Figure 2: Generating lead compounds for drug discovery.
figure 1

a, In fragment-based screening, libraries of structurally diverse, small molecules that could become fragments of active drugs are screened in assays for a biological target. The lead compounds identified in this way have low affinities for the target, but subsequent rounds of optimization — in which the structure of a lead is systematically altered and enlarged — generate high-affinity, drug-like compounds for clinical trials. Differently coloured circles represent different chemical groups. b, Using diversity-oriented synthesis, libraries of structurally diverse, drug-like compounds are made as efficiently as possible, typically from common intermediates. The libraries are then screened and the resulting lead compounds — which typically have higher affinities for targets than do fragments — are optimized to produce candidates for clinical trials. The drug candidates produced using the two approaches tend to differ from each other in many respects. Libraries produced by either method typically contain hundreds or thousands of compounds.

Most DOS libraries are prepared in a purely speculative manner, in the sense that it is not known if members of the libraries will be active against any relevant biological target. A significant up-front investment in compound synthesis must therefore be made that may never pay off. By contrast, compounds based on fragment leads are always directed towards, and dictated by, the target under study. This allows chemists to dedicate their efforts primarily to current drug-discovery targets, rather than diverting resources to the potentially wasteful production of compounds that have unknown biological activities.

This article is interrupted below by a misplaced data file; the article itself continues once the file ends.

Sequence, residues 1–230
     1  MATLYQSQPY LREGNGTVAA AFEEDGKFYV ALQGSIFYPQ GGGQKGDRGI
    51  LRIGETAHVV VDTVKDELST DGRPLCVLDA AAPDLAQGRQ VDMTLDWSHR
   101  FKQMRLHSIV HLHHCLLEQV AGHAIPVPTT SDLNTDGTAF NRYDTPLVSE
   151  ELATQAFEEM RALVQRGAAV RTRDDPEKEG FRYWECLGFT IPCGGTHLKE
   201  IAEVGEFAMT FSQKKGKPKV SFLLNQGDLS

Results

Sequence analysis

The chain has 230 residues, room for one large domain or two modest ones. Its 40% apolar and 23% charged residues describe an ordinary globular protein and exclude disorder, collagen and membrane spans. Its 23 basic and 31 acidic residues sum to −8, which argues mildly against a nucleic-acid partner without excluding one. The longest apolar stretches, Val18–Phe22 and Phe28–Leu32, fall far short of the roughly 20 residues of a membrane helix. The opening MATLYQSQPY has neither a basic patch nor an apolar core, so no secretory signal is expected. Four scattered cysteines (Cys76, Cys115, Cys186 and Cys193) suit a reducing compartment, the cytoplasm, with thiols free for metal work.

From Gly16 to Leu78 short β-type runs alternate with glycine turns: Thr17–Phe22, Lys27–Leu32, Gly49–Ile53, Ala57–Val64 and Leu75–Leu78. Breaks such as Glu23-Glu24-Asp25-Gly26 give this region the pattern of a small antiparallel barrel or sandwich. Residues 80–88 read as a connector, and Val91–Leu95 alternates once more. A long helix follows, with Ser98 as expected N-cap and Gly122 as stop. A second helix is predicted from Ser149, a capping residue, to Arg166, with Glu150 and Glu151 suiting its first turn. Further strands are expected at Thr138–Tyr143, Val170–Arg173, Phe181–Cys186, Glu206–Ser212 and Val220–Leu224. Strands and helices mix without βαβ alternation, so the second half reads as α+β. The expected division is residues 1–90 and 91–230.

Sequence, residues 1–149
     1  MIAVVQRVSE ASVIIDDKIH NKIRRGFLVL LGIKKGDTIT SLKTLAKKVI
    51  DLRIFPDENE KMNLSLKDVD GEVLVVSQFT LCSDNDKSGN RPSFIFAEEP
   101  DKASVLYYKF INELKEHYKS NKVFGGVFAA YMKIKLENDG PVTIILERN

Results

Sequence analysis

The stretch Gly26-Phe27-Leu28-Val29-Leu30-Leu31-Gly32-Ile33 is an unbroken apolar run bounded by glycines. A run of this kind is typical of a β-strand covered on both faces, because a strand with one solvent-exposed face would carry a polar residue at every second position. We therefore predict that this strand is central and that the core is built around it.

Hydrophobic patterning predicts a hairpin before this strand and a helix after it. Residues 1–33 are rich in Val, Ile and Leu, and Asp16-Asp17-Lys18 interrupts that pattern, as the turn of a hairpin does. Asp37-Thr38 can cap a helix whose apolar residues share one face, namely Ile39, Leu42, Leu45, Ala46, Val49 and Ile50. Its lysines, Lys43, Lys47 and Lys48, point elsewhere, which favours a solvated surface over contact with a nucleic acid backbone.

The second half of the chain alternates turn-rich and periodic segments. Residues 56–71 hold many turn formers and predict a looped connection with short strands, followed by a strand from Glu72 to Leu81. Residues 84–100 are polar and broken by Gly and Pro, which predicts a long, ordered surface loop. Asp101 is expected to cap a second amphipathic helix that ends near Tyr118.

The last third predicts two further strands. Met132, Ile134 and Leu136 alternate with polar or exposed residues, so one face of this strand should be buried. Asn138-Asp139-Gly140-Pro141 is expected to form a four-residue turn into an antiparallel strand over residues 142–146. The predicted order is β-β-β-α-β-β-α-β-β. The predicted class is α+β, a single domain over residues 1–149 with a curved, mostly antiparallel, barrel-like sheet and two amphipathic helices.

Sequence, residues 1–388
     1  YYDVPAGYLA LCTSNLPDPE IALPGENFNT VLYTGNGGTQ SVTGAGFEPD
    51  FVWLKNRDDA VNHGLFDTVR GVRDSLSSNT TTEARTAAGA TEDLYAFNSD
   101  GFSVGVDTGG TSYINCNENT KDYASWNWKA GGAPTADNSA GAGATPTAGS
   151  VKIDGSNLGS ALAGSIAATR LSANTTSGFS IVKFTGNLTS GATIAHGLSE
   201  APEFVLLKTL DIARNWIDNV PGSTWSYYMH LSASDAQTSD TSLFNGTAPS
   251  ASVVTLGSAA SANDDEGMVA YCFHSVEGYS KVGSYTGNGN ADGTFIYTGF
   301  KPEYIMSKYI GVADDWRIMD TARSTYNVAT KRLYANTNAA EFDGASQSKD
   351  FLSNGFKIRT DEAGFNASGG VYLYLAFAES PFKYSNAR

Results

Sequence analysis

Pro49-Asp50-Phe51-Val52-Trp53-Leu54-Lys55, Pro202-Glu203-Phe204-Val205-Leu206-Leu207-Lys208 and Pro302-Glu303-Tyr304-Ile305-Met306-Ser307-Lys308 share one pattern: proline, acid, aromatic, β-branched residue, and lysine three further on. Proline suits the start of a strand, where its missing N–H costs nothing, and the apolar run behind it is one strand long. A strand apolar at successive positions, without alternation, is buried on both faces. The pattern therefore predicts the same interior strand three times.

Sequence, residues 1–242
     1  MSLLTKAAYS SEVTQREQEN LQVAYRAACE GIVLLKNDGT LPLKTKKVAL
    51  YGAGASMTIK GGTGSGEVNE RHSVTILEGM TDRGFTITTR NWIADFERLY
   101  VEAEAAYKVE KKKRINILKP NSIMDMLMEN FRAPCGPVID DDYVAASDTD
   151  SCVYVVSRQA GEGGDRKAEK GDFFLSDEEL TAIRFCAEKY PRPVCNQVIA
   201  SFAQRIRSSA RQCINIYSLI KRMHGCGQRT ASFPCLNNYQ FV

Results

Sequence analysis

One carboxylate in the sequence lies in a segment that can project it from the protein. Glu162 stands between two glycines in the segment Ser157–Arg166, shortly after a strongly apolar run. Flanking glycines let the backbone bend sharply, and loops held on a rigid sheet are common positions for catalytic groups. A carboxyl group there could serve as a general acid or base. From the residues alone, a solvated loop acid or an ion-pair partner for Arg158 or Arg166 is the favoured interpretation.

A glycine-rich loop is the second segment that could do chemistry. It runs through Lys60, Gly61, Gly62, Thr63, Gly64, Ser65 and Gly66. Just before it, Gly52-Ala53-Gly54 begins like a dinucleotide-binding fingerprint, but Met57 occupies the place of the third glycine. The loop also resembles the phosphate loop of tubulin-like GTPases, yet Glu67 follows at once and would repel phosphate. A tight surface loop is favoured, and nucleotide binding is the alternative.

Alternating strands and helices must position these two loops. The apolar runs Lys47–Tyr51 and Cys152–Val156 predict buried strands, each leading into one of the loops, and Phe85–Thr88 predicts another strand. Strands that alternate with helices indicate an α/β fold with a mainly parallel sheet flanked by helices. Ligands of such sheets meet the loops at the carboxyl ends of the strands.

Finally, there is ample evidence that larger molecules are less likely than smaller ones to succeed as drugs in clinical trials3, mainly because their physico-chemical properties are not drug-like. It is therefore vital to identify drug candidates that not only are potently active at a biological target, but also have acceptable physico-chemical properties. Because fragment-based design involves the tailored construction of drugs from compounds that are soluble and of low molecular mass, this strategy offers the greatest potential for discovering the smallest possible compounds that bind most efficiently to a particular target — that is, compounds in which all the structural features contribute to binding.